Ask an Economist

Oct. 3, 2007
The first questions that people are asking right now are, “Do we face a near-recession in the near-future, or is talk of a recession (partly due to housing pressures) overblown? Will business spending slow by the end of the year?”

The U.S. economy is in better shape than most people think it is. The downturn in the housing market delivered a significant body blow, but we have largely absorbed that, at least for now. It is not hard to imagine that in past decades, this would have sent us into a recession. But this time, we have “taken the hit” and are continuing to grow, albeit at a noticeably slower pace. To put this in context, the decline in housing starts over the last 16 months is the steepest in the post-World War II period, and yet gross domestic product (GDP) and Industrial Production are continuing to grow. That is amazing staying power.

Business spending, as evidenced by Nondefense Capital Goods New Orders (without aircraft) is more than just slowing down; New Orders for the last 12 months are flat at $750.4 billion. New Orders for the last quarter are a disappointing 1.7 percent below this time last year. We are anticipating an increase in the New Orders figures later this year and into 2008. A pick-up in activity is consistent with healthy levels of profitability and the amount of cash on hand in U.S. businesses. Both of these factors, profits and cash, are likely to be diminishing in the latter half of 2008 and on into 2009. The New Orders trend will likely follow suit.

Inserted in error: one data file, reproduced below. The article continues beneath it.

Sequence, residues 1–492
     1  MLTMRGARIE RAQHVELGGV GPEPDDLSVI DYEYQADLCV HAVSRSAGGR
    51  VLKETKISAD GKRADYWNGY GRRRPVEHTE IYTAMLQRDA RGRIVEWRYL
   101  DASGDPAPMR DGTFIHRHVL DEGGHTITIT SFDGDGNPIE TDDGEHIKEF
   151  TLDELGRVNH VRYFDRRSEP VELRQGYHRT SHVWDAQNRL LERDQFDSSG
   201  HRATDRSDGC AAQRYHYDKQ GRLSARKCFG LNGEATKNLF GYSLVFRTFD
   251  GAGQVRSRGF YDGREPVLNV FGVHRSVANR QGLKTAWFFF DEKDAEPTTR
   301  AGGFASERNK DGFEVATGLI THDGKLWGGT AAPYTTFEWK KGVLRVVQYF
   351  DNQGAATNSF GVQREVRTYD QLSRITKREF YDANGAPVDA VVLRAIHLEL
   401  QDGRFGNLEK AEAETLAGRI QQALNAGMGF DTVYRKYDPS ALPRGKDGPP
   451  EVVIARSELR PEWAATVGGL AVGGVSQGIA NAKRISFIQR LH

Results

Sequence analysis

The next question we are asked concerns the “credit crunch.” Is this something that can filter down to businesses—and in turn affect spending and the current economy?

Business As Usual

There has been plenty of talk about a “credit crunch” and even some occasional use of the term “liquidity crisis.” First, let’s make sure everyone realizes that this is not a liquidity crisis. When the news broke and the “credit crunch” was first announced, there was a flight to safety to U.S. government bonds. If there had been a true liquidity crisis, there would have been no money to move to bonds. The perceived liquidity crisis pertained to the inability to refinance questionable loans in the financial sector. The credit crunch is probably an overstatement of what is in reality a swing back to normal credit conditions. The fact that lenders are now requiring deposits coupled with income documentations does not measure up to a “crunch,” but in our minds would be best called “good business.”

What should you do? Be proactive. This would be a great time to take action in preparation for a rough 2009-10. Business leaders should take a hard look at their balance sheets and concentrate on having enough cash on hand to weather the economic storm of 2009-10. Debt reduction should also be considered. Watch long-term capital expenditures and check the impulse to add to fixed costs. Lastly, but perhaps most importantly, this is the time to develop a plan for what’s next. By that, we mean that leaders need to prepare to take their businesses into areas that will be less impacted by a downturn or entirely immune to a global slowdown. Missionary efforts into new markets or services should begin now. These are called “Management Objectives” at the Institute for Trend Research. After identifying where you are in the business cycle, implementation of these Management Objectives is key to maintaining profitability now and preparing for enhanced profitability later. 

Alan Beaulieu, [email protected], is Senior   Analyst, an economist and a Principal with the   Institute for Trend Research, in Concord, N.H.

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